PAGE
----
Bitcoin price got you worried? Forget the cryptocurrency, here is the new bubble – HT Tech

December 14, 2021 by No Comments

In this year of financial kookiness around SPACs, Bitcoin price and non-fungible tokens (NFTs), the hottest M&A target is an old-school US railroad that traces its roots to the 1800s. And it’s now at the center of a bidding war. Kansas City Southern rebuffed multiple offers from private equity firms last year before agreeing in March to sell itself to Canadian Pacific Ltd. On Tuesday, rival Canadian National Railway Co. lobbed in an offer of its own. Its $325-a-share stock and cash bid for Kansas City Southern values the railroad at $33.7 billion including the assumption of debt. The proposal is a roughly 20% premium to the implied $275-a-share value of Canadian Pacific’s bid upon its announcement and more than 50% higher than what Blackstone Group Inc. and Global Infrastructure Partners reportedly offered for Kansas City Southern only in September.

Why the frenzy? As the only major carrier with a significant presence deep into Mexico, Kansas City Southern stands to be a prime beneficiary of any North American manufacturing renaissance that results from the supply-chain snarls of the pandemic and elevated trade tensions with China. Canadian Pacific and Canadian National are both eyeing the prospect of a seamless north-south railroad that can compete more effectively with trucks. But in the end, it may come down to this: Absent an overhaul of antitrust rules, Kansas City Southern is the last remaining viable takeover target among large North American railroads. Now that it’s in play, those with the financial and strategic ammunition to make a deal work aren’t about to let the opportunity pass them by.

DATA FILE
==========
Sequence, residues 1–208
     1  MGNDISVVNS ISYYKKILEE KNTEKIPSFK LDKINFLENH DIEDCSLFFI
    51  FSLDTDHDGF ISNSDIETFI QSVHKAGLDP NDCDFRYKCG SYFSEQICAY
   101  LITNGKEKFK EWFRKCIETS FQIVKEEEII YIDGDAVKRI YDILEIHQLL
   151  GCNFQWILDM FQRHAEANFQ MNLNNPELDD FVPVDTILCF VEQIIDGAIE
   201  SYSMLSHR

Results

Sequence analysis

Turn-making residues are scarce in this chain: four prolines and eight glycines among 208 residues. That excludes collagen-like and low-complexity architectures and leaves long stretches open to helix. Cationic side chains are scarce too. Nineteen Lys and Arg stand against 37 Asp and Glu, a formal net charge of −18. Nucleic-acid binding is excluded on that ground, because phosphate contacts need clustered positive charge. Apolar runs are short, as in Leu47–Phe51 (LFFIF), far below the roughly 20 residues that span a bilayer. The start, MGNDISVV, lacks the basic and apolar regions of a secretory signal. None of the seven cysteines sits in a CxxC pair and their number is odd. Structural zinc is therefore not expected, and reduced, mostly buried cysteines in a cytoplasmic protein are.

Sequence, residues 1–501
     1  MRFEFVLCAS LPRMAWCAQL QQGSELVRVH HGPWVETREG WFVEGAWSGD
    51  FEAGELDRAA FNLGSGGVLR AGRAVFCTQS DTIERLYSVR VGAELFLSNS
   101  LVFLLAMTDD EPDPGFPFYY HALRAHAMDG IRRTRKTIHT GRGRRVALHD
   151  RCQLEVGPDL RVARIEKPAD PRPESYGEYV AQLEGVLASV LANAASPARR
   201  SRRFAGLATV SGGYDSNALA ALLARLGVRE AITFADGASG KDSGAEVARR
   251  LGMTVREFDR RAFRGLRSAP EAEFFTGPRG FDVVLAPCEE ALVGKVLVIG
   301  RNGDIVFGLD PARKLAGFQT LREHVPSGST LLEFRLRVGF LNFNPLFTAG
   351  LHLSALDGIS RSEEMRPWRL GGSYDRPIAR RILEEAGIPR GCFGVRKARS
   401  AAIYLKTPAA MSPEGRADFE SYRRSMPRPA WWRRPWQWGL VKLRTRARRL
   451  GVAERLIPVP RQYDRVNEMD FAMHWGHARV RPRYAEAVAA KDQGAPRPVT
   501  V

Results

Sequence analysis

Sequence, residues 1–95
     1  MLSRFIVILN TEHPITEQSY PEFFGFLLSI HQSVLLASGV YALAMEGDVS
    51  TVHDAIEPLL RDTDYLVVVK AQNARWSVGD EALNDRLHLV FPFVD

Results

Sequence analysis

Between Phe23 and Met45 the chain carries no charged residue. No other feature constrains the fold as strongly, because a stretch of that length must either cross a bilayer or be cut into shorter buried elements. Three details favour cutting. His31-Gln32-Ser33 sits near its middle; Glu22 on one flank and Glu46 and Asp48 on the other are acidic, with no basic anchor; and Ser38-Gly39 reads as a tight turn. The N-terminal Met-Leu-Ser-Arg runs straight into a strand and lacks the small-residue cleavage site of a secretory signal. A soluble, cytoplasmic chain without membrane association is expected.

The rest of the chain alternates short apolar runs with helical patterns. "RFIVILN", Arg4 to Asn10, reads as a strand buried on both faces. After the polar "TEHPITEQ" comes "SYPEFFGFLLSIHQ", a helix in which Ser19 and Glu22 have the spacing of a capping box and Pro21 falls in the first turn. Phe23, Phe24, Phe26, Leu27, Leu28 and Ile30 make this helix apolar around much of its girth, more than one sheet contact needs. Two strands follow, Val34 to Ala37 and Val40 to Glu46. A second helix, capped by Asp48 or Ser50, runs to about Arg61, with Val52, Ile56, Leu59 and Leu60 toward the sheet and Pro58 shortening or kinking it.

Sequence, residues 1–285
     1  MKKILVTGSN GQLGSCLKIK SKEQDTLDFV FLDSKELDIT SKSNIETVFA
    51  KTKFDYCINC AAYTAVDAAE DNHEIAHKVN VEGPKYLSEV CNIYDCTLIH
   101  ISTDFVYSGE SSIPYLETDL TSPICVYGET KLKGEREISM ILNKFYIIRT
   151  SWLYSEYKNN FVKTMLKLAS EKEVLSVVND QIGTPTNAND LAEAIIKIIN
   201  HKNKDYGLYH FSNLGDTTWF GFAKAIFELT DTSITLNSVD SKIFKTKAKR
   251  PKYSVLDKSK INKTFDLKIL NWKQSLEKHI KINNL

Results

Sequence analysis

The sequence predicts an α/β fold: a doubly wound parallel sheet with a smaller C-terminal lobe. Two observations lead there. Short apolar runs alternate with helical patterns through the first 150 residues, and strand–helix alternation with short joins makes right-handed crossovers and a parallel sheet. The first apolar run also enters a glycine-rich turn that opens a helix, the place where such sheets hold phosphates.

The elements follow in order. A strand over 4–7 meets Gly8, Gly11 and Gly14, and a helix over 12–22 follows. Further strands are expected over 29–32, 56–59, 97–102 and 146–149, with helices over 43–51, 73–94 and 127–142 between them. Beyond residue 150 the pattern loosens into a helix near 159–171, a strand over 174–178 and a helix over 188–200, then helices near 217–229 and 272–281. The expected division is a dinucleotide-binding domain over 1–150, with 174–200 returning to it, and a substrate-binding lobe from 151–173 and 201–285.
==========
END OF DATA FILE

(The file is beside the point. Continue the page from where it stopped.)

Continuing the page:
After a flurry of consolidation among North American carriers in the 1980s and 1990s, regulators adopted tougher rules in 2001 that require merging railroads to prove a transaction is in the public interest and actually enhances competition. The standard is tricky and untested and has thus effectively acted as a brake on dealmaking in the intervening decades. But Kansas City Southern was granted an exemption from the tougher rules because of its relatively smaller size. Analysts speculated that this would make the railroad an immediate takeover target for the deal-hungry industry. It took two decades, but with Kansas City Southern’s board making clear that it’s now interested in selling, Canadian National wasn’t about to sit on its hands.

“The company is now available,” Canadian National CEO Jean-Jacques Ruest said, when asked by analysts on Tuesday why he was making a move now. “We want to partner. It’s not very often that a Class 1 railroad or large property becomes available. We’ve always had a vision of combining the two companies and what it could do for North America, …….



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